The SC seeks the center for a response to the call for a unified divorce law India News

NEW DELHI: A quarter of a century after the claim in the Sarla Mudgal case The Supreme Court cautiously maintained two PILs on Wednesday that the country could not tolerate a delay in the adoption of a uniform civil code uniform divorce laws and uniformity in the provision of maintenance and support for women and sought the answer of the center.
Senior lawyers Pinky Anand and Meenakshi Arora, who appeared for petitioner Ashwini Kumar Upadhyay, argued that different forms of divorce and different means of maintenance and alimony for women provided for by personal law violate the right to equality and non-discrimination and constituted a violation of women’s rights to dignity, which is an integral part of their right to life.
A bank run by Chief Justice SA Bobde and Justices AS Bopanna and V Ramasubramanian appeared to be prudent, fearing that this would encroach on the personal laws of religious minorities who are sensitive to what they believe to be constitutionally guaranteed autonomy.
“Can we eliminate discriminatory practices against women in different religious communities without interfering with their personal laws?” asked the bank.
However, the Anand-Arora duo, a strategic decision made by Upadhyay to argue their case, made a strong pitch for the court to overcome their hesitation. The bank reminded Anand of this the apex court stepped up against personal laws when it ruled that Triple Talaq’s immediate divorce among Muslims was unconstitutional.
Arora spoke out in favor of judicial intervention, stressing that, despite the admonition of the Supervisory Committee in the Mudgal decision, the Union government had not attempted to introduce a uniform civil code. “Women and gender equality go hand in hand. How can maintenance be different for women belonging to different religions?” She asked.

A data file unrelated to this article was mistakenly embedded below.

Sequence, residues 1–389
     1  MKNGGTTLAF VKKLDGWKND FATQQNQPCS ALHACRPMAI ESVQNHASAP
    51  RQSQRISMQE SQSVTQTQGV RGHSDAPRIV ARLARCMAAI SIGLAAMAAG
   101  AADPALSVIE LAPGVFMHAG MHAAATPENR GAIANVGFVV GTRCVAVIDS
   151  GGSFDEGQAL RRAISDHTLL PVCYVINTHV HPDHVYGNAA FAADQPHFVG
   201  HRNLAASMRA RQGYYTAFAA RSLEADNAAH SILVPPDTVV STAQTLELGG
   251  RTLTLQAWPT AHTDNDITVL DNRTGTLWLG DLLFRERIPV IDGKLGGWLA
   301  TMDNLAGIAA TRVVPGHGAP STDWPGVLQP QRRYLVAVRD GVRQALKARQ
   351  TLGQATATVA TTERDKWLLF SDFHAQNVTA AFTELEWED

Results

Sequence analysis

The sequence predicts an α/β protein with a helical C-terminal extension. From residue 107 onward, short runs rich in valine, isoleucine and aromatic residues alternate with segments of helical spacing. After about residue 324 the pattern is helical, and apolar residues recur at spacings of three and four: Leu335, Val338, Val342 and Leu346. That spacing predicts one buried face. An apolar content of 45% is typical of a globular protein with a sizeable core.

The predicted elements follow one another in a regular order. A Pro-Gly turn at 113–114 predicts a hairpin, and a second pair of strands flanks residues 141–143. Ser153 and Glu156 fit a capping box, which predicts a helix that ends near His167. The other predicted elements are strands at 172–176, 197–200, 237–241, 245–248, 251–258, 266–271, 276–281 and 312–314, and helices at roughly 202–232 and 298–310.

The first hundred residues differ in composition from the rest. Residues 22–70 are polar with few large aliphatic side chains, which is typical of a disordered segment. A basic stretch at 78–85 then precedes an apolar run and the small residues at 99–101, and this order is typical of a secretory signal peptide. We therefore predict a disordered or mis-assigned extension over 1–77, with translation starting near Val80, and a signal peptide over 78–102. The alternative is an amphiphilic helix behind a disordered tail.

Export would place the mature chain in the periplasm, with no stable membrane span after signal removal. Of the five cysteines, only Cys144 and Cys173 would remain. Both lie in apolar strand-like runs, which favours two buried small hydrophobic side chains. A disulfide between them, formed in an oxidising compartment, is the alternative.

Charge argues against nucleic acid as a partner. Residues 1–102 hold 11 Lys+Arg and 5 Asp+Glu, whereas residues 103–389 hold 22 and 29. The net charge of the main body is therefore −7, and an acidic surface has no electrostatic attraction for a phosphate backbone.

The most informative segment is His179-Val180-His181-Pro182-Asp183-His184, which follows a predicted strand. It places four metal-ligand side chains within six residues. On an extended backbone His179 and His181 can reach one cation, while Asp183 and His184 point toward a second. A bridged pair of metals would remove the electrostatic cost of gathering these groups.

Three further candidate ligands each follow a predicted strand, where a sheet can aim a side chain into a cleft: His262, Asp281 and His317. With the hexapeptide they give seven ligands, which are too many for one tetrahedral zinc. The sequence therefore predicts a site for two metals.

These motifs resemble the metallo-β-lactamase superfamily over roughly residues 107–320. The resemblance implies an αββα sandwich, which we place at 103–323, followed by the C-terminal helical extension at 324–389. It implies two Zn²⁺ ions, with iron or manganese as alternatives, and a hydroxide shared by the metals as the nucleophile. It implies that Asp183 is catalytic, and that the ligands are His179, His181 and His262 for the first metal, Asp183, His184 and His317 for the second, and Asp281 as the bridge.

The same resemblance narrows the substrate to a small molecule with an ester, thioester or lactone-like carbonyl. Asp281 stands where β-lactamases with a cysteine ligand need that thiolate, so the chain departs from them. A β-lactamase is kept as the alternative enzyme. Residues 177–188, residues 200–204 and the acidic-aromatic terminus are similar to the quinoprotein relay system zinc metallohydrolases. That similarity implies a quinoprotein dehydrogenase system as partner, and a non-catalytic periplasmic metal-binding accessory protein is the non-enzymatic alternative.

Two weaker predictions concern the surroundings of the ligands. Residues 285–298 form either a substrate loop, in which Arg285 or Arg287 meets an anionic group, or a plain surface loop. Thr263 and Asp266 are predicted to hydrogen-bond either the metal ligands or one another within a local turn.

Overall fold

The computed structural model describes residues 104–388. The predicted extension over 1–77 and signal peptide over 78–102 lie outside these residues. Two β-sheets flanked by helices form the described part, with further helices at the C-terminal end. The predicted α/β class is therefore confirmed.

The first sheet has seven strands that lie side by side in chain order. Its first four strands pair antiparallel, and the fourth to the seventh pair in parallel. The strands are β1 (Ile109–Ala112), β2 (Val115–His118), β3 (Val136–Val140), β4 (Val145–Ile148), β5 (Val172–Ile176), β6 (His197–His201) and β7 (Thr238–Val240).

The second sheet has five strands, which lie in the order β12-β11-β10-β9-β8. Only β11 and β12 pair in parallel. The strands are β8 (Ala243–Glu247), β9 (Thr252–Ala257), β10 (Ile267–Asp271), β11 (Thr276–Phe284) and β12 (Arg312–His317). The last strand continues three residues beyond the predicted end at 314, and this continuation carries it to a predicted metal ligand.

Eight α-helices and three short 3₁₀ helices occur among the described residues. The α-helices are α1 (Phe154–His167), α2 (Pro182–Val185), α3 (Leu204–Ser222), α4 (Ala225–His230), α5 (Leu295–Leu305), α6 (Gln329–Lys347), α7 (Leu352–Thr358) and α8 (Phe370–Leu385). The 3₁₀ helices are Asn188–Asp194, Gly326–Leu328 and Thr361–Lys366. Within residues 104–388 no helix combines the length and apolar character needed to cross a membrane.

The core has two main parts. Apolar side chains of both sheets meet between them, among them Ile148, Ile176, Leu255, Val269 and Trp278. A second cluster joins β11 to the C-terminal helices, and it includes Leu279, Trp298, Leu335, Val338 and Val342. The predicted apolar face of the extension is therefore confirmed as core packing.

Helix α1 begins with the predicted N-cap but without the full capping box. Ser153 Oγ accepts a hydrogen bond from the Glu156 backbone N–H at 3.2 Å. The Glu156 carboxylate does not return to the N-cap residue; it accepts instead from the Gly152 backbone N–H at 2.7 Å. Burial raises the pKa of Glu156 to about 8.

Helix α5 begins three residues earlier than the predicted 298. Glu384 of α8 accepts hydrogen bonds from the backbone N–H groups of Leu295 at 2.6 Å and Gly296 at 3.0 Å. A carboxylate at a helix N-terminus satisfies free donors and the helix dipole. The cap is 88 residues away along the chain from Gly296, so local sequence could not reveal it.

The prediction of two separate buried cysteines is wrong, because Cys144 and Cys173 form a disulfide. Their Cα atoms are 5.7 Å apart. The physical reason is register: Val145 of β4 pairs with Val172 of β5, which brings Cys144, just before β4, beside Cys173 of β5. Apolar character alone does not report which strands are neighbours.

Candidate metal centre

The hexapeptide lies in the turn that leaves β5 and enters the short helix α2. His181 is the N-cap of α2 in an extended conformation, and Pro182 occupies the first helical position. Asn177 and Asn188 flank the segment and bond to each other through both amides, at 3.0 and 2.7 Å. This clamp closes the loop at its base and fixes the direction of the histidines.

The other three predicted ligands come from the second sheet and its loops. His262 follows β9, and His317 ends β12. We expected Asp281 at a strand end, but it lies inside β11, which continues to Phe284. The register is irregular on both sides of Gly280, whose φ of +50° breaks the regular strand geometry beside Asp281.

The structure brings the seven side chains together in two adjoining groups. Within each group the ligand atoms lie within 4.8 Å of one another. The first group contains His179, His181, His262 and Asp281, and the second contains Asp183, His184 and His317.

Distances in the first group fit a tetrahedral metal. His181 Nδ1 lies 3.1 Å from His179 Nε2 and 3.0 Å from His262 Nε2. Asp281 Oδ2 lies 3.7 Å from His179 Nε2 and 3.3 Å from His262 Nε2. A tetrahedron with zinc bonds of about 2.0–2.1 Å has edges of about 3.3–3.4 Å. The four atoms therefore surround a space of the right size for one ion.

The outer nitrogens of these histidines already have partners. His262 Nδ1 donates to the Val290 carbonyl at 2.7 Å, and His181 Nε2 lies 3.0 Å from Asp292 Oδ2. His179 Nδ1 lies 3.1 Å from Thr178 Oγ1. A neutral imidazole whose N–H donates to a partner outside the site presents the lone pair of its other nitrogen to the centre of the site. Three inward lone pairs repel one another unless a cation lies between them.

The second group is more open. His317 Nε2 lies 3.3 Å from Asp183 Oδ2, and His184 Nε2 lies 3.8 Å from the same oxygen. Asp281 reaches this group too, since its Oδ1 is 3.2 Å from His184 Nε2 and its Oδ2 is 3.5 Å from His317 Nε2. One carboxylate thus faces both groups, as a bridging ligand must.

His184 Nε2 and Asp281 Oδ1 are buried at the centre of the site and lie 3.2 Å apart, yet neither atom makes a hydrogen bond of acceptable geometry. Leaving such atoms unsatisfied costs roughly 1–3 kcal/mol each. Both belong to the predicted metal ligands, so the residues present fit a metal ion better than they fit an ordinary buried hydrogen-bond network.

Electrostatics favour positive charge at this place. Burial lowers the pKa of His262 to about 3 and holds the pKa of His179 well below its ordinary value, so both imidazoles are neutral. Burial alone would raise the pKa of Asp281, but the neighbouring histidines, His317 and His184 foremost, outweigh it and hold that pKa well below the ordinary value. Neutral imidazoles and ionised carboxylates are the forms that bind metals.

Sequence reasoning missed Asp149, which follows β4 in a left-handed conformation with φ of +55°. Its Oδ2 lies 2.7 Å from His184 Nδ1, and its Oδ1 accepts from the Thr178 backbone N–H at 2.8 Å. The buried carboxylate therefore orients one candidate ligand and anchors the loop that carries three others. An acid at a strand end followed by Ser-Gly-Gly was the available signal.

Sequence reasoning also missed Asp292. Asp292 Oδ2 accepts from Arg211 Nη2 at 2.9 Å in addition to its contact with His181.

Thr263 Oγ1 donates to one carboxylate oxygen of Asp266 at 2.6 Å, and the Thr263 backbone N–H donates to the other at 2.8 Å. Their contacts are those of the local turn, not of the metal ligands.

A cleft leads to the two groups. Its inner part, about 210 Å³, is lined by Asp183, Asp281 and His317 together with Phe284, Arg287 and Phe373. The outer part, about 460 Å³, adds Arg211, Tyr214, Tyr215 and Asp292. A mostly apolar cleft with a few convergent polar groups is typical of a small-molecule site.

Still not convinced, the bank said it was not the state that discriminated against women from different communities. “It is citizens who discriminate against fellow citizens through the application of personal laws. Can that be called discrimination by the state on the basis of gender?” the CJI asked.
However, Arora insisted, saying, “It is the duty of the state to ensure equality and dignity for all women, regardless of religion.”
Even when the bank came by to notify the center, it made it clear that it was doing so “with great caution”, its approach contrasting starkly with the assertiveness it showed in the 1985 Shah Bano case. “A common civil code will help the cause of national integration by eliminating differing loyalties to laws with conflicting ideologies,” the court had clearly stated at the time.
In the 1995 Sarla Mudgal case, where it left off a decade ago, it was said: “If more than 80% of citizens have already been placed under codified personal rights, there is no justification for being in the To keep things pending even more the introduction of a uniform civil code for all citizens in India. ”
Also in 2003, in the case of John Vallamattom, the Supervisory Committee emphasized the need to achieve the objective set out in Article 44 of the Constitution.
On September 13, 2019, the monitoring committee in the case of Jose Paulo Coutinho reiterated the need for UCC Upadhyay cited the Goa example, but the center had not taken any step to provide uniform maintenance and support grounds for all Indian citizens, Upadhyay said in its PIL.
“Hindu, Buddhist, Sikh, and Jain communities are governed by the Hindu Marriage Act of 1955 and the Hindu Adoption and Maintenance Act of 1956. Muslims are treated according to valid marriage status and marriage agreement and are governed by the Muslim Women Act of 1986 Christians the Indian Divorce Act of 1869 and Parsis the Parsi Marriage and Divorce Act of 1936. However, none of these laws are gender neutral and provide different grounds for divorce and maintenance payments, “said the petitioner.